Pat Robertson Wasn’t Alone When He Blamed Gay People for 9/11

News of the death of radical right-wing evangelist Pat Robertson on June 8 2023 prompted many of his more infamous remarks to revisit the spotlight, including his willingness to blame gay Americans for the 9/11 attacks.

The incident ocurred during an episode of Roberton’s 700 Club television show aired two days after the attacks, when Robertson interviewed fellow extremist Jimmy Falwell.

At the time, both men predicted that the attacks against New York City and the Pentagon could be preambles to bigger catastrophes.

“I think we’ve just seen the antechamber to terror,” Roberson said. “We haven’t even begun to see what they can do to the major population.”

Falwell cut Robertson off at this point to say that the American Civil Liberties Union had to “take a lot of blame” for the attacks.

“With the help of the federal court system, throwing God out of public square, out of the schools — the abortionists have got to bear some burden for this because God will not be mocked,” Fallwell added, using a common right-wing boogeyman. “And when we destroy 40 million little innocent babies, we make God mad. I really believe that the pagans, and the abortionists, and the feminists, and the gays and the lesbians who are actively trying to make that an alternative lifestyle, the ACLU, People for the American Way, all of them who have tried to secularise America, I point the finger in their face and say, ‘You helped this happen.'”

“I totally concur,” Robertson replied. “The problem is we have adopted that agenda at the highest levels of our government.”

As The Guardian reported at the time, Falwell and Robertson’s views fell in line with those in similar circles:

Among evangelicals, the terrorist attacks have unleashed renewed calls for repentance, prayer and spiritual revival.

“Many people are calling this a wake-up call, and yet it doesn’t help us respond to God to somehow feel that we’ve been chastised by this,” said Steve Hawthorne, director of WayMakers, a prayer ministry in Austin, Texas. “It might be wise for us to examine our lives and our hearts and our practices.”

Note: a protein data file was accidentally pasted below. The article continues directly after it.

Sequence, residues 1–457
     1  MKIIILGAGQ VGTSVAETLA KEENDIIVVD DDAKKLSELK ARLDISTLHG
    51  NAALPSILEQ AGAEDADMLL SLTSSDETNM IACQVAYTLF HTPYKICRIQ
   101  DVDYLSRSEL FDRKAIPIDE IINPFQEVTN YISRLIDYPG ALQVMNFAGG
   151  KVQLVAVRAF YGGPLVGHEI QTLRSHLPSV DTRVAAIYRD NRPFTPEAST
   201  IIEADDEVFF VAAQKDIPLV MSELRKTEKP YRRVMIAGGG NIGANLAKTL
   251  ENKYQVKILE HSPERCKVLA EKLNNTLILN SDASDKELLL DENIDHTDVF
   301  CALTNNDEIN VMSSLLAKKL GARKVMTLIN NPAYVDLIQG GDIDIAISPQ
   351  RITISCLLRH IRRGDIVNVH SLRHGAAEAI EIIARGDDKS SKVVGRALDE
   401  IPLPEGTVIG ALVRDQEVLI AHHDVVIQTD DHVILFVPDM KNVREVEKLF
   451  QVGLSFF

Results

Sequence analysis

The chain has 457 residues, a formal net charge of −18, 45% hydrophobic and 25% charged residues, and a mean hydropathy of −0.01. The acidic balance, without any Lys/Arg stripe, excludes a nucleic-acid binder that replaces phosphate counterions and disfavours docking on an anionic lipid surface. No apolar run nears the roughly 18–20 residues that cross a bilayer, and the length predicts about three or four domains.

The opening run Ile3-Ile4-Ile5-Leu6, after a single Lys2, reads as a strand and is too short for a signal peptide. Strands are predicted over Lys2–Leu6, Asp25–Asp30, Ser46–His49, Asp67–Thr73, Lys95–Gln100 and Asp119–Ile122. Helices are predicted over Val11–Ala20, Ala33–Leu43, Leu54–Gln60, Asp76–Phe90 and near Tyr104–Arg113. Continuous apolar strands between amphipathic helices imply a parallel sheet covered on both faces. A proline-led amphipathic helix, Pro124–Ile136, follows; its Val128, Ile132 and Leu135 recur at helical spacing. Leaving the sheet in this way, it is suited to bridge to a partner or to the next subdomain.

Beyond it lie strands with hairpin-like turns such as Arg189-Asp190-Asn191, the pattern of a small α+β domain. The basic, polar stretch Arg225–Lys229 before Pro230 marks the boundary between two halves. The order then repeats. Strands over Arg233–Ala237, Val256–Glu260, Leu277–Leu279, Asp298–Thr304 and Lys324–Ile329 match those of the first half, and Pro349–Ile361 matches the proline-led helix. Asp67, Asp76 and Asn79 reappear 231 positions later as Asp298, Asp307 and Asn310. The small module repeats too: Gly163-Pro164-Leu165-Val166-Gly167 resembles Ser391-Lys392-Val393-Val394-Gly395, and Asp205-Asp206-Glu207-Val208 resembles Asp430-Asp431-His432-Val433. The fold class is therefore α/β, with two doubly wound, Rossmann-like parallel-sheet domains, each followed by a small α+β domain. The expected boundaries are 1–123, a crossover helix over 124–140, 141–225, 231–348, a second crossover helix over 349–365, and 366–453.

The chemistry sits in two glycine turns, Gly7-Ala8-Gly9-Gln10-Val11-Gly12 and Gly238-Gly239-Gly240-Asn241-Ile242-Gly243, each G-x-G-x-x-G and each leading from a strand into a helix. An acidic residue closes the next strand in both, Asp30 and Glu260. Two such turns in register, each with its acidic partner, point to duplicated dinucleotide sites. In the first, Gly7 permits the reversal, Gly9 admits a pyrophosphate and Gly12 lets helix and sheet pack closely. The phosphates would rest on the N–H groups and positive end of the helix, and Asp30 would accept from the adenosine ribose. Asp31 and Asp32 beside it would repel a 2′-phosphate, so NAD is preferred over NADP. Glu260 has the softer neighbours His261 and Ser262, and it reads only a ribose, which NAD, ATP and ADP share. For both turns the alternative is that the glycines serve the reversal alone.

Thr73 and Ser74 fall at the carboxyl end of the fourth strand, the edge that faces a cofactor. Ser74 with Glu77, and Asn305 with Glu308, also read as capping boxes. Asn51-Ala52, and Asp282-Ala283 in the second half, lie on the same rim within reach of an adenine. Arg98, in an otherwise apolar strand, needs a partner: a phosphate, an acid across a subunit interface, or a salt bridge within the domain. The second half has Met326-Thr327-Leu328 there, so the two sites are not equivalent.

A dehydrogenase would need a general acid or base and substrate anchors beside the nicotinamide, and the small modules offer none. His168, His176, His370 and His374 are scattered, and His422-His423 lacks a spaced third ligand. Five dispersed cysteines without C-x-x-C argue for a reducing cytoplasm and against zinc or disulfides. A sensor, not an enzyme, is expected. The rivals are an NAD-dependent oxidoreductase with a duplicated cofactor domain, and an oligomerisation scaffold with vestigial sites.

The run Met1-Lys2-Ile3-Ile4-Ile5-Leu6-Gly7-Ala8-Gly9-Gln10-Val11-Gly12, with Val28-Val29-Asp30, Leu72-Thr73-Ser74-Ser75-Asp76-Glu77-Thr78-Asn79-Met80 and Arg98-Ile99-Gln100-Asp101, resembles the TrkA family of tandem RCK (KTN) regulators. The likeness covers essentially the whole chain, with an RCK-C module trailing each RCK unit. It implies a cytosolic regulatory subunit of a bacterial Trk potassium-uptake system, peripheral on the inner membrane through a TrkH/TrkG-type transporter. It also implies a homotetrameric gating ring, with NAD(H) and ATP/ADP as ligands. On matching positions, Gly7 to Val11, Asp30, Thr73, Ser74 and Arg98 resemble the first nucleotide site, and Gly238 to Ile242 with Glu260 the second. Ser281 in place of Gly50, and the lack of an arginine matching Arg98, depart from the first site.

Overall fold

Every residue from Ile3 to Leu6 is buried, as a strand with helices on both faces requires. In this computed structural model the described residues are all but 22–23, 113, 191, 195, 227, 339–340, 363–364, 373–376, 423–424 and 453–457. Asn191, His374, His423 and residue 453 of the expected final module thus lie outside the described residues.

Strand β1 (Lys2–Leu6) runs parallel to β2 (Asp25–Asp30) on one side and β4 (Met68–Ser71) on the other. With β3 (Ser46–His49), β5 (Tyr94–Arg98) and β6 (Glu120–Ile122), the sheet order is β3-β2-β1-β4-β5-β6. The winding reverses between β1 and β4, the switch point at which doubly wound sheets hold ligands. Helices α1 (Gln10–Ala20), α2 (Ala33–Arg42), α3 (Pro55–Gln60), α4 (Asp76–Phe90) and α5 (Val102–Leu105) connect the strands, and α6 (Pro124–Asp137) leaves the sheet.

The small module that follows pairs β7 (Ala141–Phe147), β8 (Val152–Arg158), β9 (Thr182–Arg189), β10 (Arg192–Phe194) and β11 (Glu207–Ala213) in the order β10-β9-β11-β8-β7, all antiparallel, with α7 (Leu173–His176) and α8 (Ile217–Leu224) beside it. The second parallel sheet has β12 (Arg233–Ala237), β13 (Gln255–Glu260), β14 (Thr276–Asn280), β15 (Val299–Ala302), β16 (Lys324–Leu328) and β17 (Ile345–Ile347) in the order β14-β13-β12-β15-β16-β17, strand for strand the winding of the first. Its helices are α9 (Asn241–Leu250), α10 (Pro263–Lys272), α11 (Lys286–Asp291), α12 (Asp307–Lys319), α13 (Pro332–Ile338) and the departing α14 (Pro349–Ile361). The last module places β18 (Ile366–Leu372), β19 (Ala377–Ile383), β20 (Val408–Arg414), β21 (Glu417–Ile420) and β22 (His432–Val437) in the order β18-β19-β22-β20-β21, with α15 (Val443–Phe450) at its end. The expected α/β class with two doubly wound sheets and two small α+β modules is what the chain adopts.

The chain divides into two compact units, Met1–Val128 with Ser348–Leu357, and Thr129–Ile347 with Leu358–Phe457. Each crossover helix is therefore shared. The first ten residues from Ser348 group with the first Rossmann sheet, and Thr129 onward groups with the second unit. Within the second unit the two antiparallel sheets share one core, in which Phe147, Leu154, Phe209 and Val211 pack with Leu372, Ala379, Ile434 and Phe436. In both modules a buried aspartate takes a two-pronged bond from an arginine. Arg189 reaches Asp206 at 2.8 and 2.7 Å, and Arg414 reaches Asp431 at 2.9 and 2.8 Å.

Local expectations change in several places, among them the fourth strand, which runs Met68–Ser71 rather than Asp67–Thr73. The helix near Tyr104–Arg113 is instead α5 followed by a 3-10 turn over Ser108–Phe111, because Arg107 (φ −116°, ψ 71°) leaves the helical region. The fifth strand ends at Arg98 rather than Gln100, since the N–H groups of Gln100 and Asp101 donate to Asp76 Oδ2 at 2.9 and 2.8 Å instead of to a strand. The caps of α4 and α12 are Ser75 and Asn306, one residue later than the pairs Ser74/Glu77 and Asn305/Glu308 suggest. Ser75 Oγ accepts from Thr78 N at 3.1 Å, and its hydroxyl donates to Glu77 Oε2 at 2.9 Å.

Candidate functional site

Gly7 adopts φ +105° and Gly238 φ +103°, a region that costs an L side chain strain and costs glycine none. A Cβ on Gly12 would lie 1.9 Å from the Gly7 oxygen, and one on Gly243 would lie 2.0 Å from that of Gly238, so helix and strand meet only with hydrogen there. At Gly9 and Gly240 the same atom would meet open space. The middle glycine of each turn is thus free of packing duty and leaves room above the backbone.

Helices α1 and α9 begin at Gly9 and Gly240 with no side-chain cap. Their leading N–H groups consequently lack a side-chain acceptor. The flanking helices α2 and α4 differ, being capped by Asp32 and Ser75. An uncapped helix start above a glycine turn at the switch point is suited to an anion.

Falwell, who was chancellor of Liberty University in Virginia at the time, quickly backtracked from the remark in a separate statement:

Despite the impression some may have from news reports today, I hold no one other than the terrorists and the people and nations who have enabled and harboured them responsible for Tuesday’s attacks on this nation.

I sincerely regret that comments I made during a long theological discussion on a Christian television program yesterday were taken out of their context and reported and that my thoughts – reduced to soundbites – have detracted from the spirit of this day of mourning.

As Media Matters reported in 2004, Falwell would later try to soften his remarks by falsely claiming that he also blamed “sleeping” or “lethargic” religious groups for enabling the attacks.

As Rolling Stone recounted in reporting his death, Robertson would go on to continue pushing homophobic rhetoric couched in his “faith”:

Robertson’s bigotry toward gay people was boundless. He said on The 700 Club that he wished Facebook had a “vomit button” for when he came across a picture of gay people kissing, equated gay people with Nazis and Satanists, and suggested God unleashed hurricanes and other natural disasters as punishment for homosexuality. “I would warn Orlando that you’re right in the way of some serious hurricanes, and I don’t think I’d be waving those flags in God’s face if I were you,” he said of Disney World’s Gay Days. “It’ll bring about terrorist bombs; it’ll bring earthquakes, tornadoes, and possibly a meteor.”

Falwell died in May 2007. Robertson was 93 when he died.

Update 6/8/2023, 1:54 p.m.: This article has been revamped and updated. You can review the original here. — ag